“The Yellow Wallpaper: A Tragic Triumph”
Charlotte Perkins Gilman was born July 3, 1860 in Hartford, and was an advocate for Feminist Social Reform and for the right to die. As a result of this she committed suicide August 17, 1935, using chloroform and choosing a quick and relatively painless death over wasting away from cancer. She had one daughter and consequently suffered from a bout of post-partum depression, a disease not yet understood in this time. As a result of this she was sent to a mental hospital under the care of Dr. Weir Mitchell and prescribed his infamous ‘rest cure’. This led to the writing of “The Yellow Wallpaper” in 1892. It was intended to educate people about the dangers of the rest cure and how she had to “save herself from ‘utter mental ruin’ using ‘the remnants of intelligence that remained,’ (King and Morris, 24). She even went as far as to send a copy to Dr. Mitchell, who never acknowledged it. In this story, the narrator, Jane, actually suffers a mental breakdown which actually functions as a metaphor between the inner struggle of fulfilling her role as a wife and mother and having an identity that she could call her own.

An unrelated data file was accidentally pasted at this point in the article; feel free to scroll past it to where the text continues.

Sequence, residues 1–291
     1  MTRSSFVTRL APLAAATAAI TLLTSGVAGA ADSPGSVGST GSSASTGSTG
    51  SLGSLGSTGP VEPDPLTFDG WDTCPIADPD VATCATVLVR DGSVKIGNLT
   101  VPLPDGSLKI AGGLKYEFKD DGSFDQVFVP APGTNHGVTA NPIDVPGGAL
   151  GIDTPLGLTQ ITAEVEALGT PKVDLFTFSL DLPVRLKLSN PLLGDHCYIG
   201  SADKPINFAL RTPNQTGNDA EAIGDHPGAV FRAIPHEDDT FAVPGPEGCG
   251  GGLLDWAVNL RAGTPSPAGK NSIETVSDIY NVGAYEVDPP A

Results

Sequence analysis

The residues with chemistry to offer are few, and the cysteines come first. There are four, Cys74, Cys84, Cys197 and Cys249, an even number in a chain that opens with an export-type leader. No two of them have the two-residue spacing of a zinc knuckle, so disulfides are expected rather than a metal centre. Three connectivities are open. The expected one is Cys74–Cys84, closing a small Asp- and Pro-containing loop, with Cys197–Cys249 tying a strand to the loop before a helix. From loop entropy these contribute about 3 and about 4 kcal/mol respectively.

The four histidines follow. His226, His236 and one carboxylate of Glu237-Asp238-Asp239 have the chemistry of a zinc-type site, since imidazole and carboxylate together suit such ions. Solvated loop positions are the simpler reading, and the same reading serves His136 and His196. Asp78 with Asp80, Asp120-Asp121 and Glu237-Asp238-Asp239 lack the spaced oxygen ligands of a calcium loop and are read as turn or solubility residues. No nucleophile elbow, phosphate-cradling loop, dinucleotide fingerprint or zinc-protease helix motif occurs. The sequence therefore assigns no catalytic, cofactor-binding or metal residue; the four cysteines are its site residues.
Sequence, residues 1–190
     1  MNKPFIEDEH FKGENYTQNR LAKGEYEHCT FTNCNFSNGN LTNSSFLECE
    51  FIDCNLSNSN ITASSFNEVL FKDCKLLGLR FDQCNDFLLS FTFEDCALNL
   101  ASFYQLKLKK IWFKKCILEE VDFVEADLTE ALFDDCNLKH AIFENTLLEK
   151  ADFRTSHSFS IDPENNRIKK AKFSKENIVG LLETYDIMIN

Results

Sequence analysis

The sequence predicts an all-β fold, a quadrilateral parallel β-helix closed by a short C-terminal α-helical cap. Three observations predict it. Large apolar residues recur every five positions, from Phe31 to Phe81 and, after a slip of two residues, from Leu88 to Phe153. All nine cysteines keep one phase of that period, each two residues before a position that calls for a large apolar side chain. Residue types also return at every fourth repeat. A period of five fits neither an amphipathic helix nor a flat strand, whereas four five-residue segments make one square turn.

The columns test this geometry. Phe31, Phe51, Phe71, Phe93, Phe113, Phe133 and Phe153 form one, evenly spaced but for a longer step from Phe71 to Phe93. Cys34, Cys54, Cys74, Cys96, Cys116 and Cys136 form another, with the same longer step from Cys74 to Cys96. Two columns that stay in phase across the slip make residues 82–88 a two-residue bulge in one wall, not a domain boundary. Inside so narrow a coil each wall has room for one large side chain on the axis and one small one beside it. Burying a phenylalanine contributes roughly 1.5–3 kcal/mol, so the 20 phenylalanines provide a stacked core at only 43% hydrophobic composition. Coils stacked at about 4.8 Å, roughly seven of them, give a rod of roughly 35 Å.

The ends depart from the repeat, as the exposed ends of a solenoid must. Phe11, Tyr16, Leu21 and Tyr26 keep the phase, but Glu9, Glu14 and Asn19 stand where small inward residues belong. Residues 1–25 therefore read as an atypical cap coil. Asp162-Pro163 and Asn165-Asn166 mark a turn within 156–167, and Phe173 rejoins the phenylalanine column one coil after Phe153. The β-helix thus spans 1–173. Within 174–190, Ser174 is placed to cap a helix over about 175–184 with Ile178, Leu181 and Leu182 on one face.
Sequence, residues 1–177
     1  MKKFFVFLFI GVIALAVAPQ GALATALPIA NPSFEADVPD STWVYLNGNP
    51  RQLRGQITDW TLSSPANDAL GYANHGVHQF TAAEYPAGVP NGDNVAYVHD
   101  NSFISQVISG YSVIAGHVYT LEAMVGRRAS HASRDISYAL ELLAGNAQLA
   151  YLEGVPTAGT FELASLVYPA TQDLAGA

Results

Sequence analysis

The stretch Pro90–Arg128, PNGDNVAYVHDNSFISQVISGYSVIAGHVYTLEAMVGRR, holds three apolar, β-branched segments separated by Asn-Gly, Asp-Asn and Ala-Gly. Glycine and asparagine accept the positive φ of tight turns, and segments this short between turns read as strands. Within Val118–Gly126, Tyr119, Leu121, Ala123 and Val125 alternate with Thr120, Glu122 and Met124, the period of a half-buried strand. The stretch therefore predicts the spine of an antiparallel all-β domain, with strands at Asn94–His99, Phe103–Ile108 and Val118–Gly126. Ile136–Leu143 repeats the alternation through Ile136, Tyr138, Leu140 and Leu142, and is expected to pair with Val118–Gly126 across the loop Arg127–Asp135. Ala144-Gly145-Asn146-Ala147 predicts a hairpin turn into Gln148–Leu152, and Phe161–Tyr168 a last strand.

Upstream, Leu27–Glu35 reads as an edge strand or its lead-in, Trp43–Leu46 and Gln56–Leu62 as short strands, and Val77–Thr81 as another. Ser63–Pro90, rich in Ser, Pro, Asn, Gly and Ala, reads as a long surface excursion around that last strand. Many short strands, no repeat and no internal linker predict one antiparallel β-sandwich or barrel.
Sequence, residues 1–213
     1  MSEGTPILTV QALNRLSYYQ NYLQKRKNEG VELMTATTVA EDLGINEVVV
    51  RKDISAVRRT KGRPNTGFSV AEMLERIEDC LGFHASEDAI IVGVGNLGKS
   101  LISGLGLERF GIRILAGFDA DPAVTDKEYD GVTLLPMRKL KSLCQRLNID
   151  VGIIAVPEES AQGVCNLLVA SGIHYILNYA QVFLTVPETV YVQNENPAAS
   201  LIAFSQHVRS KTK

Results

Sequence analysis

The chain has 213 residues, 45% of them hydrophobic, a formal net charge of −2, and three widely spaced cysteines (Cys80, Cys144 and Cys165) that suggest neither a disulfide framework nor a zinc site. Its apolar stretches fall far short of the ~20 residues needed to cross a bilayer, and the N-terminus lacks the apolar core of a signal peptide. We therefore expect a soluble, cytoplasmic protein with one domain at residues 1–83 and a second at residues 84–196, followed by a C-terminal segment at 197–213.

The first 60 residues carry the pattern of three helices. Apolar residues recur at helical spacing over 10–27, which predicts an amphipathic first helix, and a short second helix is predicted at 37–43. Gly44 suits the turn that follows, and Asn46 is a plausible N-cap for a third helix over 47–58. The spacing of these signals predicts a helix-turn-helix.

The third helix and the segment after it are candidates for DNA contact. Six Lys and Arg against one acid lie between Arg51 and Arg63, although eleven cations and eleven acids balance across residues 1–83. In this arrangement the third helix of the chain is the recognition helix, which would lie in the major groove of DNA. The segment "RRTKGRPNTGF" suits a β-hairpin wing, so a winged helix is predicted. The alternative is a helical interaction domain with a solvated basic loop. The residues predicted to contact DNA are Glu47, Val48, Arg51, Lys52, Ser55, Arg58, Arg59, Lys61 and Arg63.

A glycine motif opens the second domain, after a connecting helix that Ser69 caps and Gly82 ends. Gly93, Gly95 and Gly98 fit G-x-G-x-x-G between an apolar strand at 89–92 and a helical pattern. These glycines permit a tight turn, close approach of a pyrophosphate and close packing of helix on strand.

In the 1800’s the roles of women was very limited. Most could only aspire to be a wife, mother and a support system to their husbands. Either they were “angels in the house, loving, self-sacrificing, and chaste as wives, mothers and daughters,” or they were “she-devils and Delilahs, dangerous, sexually enchanting, but always ultimately doomed” (23). The only approved images of women were those that “reflect and sustain patriarchal ideology” and because of that were “imprisoned” and “closed off from movement and exploration” (23).
In this time period many men interpreted “a characteristic of his wife as a defect because of his own failure of imagination” and attempted to “cure [their wives] through purely physical means, only to find [they] destroyed her in the process” (Schumaker 592). Mental illness...